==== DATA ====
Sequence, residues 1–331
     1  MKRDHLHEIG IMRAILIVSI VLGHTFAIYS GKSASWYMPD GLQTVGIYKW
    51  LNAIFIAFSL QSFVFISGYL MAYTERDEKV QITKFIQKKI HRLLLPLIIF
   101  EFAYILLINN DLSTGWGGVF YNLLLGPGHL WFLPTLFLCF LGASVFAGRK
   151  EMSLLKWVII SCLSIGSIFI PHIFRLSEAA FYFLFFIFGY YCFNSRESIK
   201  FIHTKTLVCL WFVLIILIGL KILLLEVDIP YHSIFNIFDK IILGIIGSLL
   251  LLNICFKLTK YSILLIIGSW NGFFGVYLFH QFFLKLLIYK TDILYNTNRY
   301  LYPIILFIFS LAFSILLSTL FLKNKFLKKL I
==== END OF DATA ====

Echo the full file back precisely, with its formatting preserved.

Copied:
Sequence, residues 1–331
     1  MKRDHLHEIG IMRAILIVSI VLGHTFAIYS GKSASWYMPD GLQTVGIYKW
    51  LNAIFIAFSL QSFVFISGYL MAYTERDEKV QITKFIQKKI HRLLLPLIIF
   101  EFAYILLINN DLSTGWGGVF YNLLLGPGHL WFLPTLFLCF LGASVFAGRK
   151  EMSLLKWVII SCLSIGSIFI PHIFRLSEAA FYFLFFIFGY YCFNSRESIK
   201  FIHTKTLVCL WFVLIILIGL KILLLEVDIP YHSIFNIFDK IILGIIGSLL
   251  LLNICFKLTK YSILLIIGSW NGFFGVYLFH QFFLKLLIYK TDILYNTNRY
   301  LYPIILFIFS LAFSILLSTL FLKNKFLKKL I